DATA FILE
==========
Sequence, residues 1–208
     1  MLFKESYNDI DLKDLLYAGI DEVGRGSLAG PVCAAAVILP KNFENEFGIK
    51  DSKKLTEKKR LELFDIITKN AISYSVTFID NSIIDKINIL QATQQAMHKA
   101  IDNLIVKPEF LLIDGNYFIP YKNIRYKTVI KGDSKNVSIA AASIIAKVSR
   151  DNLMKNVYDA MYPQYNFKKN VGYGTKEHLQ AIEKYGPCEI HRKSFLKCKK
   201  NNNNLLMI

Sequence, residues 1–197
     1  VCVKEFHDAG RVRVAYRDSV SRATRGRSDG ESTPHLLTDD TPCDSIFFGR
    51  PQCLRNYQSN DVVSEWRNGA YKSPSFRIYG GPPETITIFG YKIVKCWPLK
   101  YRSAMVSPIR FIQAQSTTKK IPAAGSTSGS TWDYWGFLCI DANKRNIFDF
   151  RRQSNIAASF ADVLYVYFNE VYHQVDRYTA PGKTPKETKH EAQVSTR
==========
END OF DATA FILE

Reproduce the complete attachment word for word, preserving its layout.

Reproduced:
Sequence, residues 1–208
     1  MLFKESYNDI DLKDLLYAGI DEVGRGSLAG PVCAAAVILP KNFENEFGIK
    51  DSKKLTEKKR LELFDIITKN AISYSVTFID NSIIDKINIL QATQQAMHKA
   101  IDNLIVKPEF LLIDGNYFIP YKNIRYKTVI KGDSKNVSIA AASIIAKVSR
   151  DNLMKNVYDA MYPQYNFKKN VGYGTKEHLQ AIEKYGPCEI HRKSFLKCKK
   201  NNNNLLMI

Sequence, residues 1–197
     1  VCVKEFHDAG RVRVAYRDSV SRATRGRSDG ESTPHLLTDD TPCDSIFFGR
    51  PQCLRNYQSN DVVSEWRNGA YKSPSFRIYG GPPETITIFG YKIVKCWPLK
   101  YRSAMVSPIR FIQAQSTTKK IPAAGSTSGS TWDYWGFLCI DANKRNIFDF
   151  RRQSNIAASF ADVLYVYFNE VYHQVDRYTA PGKTPKETKH EAQVSTR